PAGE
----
What are Triglycerides and Why Do They Matter?

You’re probably thinking that tracking cholesterol and blood pressure is enough of a task without adding in the responsibility of understanding and noticing triglycerides as well. Well don’t worry, because you’re actually already well aware of triglycerides, even if you don’t know them by that name. Those pesky areas of fat around your hips, belly, and thighs are actually triglycerides hard at work! Here’s your cheat sheet to understanding the basics of triglycerides and targeting their build-up to improve your heart health.

An Introduction to Triglycerides: Although this type of fat is given a bad reputation, triglycerides are actually critical to human life since they are the main form of stored fat. Even though you certainly don’t want too much fat in your body, you still need some! At the end of the digestion process, triglycerides remain until utilized for energy. They only become a negative health issue if triglyceride levels severely outweigh what you burn off, since high levels are linked to increased chances of developing heart disease.

What Triglyceride Level Should I Aim For? The same blood test used to check cholesterol levels can also indicate your current triglyceride level. Ideally the test will inform you that you have less than 150 milligrams of triglycerides per deciliter of blood. Any higher than 200 mg/dL is cause for concern, and levels above 500 mg/dL require immediate attention. This blood test is very simple and only requires fasting for 12 hours prior to the appointment.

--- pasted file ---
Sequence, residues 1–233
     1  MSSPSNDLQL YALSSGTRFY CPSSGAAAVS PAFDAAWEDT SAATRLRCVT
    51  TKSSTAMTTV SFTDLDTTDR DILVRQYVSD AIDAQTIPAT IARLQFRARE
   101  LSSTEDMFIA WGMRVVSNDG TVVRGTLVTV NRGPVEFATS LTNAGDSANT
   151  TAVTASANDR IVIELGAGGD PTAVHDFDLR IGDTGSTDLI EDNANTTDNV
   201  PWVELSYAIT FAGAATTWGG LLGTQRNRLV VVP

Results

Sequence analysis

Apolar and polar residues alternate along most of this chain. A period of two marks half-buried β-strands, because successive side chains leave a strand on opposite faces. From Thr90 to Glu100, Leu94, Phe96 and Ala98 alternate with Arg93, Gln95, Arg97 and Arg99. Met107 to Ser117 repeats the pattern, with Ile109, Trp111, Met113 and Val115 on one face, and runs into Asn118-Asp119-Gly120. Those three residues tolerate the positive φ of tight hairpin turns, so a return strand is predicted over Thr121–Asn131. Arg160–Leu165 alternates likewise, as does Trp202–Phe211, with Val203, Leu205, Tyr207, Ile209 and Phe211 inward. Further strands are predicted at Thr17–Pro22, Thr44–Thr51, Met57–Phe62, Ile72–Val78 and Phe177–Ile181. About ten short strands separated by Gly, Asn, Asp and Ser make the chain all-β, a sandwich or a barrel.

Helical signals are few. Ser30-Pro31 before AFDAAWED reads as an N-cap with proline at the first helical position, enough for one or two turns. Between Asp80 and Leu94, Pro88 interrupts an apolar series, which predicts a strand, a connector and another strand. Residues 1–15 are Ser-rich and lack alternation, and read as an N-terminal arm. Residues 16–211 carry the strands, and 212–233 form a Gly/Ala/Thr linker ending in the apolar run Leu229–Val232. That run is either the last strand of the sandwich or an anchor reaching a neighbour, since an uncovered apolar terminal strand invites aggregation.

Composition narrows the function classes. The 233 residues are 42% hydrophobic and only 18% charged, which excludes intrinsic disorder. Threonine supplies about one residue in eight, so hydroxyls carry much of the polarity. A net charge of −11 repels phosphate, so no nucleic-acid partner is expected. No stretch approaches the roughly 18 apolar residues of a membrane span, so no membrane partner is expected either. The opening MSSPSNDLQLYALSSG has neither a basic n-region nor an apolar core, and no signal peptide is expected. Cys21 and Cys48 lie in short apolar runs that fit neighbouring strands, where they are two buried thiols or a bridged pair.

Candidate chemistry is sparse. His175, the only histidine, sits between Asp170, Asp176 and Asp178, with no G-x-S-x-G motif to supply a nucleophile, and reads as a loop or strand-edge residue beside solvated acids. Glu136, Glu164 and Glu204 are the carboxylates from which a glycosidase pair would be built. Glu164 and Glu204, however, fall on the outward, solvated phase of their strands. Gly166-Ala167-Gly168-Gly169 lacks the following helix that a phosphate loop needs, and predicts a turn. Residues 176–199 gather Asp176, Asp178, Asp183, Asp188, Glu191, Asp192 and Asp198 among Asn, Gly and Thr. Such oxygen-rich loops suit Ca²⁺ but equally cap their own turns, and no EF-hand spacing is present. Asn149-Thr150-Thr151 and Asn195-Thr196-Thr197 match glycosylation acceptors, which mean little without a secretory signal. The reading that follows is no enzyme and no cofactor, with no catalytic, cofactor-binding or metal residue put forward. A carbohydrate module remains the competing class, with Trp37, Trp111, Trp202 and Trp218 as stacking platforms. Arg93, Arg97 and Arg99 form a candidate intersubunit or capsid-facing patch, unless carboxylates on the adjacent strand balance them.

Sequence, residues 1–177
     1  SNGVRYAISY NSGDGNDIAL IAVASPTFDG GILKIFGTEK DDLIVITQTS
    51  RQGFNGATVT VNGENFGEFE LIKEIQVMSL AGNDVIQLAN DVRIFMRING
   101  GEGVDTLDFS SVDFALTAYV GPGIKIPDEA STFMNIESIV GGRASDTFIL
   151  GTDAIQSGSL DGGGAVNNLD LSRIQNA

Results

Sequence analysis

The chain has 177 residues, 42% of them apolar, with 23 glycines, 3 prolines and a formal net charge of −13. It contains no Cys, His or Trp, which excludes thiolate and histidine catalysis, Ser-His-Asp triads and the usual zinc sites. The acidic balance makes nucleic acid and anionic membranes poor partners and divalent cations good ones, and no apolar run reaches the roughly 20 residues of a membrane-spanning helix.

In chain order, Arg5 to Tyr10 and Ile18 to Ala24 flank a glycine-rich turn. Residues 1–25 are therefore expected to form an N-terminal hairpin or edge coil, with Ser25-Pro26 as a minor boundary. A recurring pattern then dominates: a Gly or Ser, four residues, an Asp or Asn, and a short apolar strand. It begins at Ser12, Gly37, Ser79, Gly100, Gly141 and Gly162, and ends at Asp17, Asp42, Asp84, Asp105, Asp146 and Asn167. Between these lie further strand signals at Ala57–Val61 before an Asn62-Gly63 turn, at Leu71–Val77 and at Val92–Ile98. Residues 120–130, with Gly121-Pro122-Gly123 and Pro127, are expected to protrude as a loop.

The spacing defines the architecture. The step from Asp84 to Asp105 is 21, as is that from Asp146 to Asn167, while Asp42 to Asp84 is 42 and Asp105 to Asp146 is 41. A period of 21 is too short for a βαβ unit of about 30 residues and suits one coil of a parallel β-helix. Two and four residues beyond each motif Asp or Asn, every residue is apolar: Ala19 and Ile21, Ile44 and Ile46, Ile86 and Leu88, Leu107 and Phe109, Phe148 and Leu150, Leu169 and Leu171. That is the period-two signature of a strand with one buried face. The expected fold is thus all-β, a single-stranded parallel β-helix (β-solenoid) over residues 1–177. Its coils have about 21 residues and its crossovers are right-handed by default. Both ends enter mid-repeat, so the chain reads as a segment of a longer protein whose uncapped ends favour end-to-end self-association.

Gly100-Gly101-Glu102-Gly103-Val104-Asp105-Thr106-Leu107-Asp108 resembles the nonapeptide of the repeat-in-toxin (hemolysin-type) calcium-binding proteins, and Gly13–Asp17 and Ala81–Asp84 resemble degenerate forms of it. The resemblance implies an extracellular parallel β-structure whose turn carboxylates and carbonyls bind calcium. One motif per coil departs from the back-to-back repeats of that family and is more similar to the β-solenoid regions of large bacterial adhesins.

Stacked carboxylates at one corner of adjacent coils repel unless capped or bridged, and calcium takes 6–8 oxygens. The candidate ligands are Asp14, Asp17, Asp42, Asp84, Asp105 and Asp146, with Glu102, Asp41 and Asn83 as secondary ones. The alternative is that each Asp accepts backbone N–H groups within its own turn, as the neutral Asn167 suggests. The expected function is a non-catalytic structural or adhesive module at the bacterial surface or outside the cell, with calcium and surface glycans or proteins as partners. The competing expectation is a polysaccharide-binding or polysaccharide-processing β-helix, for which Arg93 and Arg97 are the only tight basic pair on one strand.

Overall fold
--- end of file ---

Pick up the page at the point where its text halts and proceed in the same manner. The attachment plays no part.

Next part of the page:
Why Are High Triglyceride Levels So Dangerous? It is widely believed that abnormally high triglyceride levels lead to harder, thicker artery walls, which in turn can cause stroke, heart attack, and heart disease. Furthermore, high triglyceride levels indicate other existing problems like obesity, type 2 diabetes, and hypothyroidism. One simple test has the potential to uncover crucial information to improving your health and saving you from very unpleasant medical experiences down the road.

If My Triglyceride Levels Are High, What Should I Do? The good news is that lowering triglycerides doesn’t require any effort outside of normal healthy living habits. You can work to lose 5–10 pounds to eliminate extra fat stores created by triglycerides and make smarter food choices to reduce calorie intake. This includes cutting down on sugar foods, replacing saturated fats with healthy plant and fish-based fats, and limiting alcohol levels. Of course, exercise more! This doesn’t need to be vigorous if your body can’t handle it. Even a brisk walk or swim in the pool can improve your health. Most powerful of all: quit smoking. There are a million and one reasons to make this choice, and lowering your triglyceride level just adds another to the list! Medications are always an option if lifestyle changes alone don’t suffice. Statins, fish oil supplements, fibrates, and niacin are all effective for this purpose.

Controlling your triglyceride level doesn’t need to be complicated. Pick one or two healthy choices as your focus, and build better habits with time.

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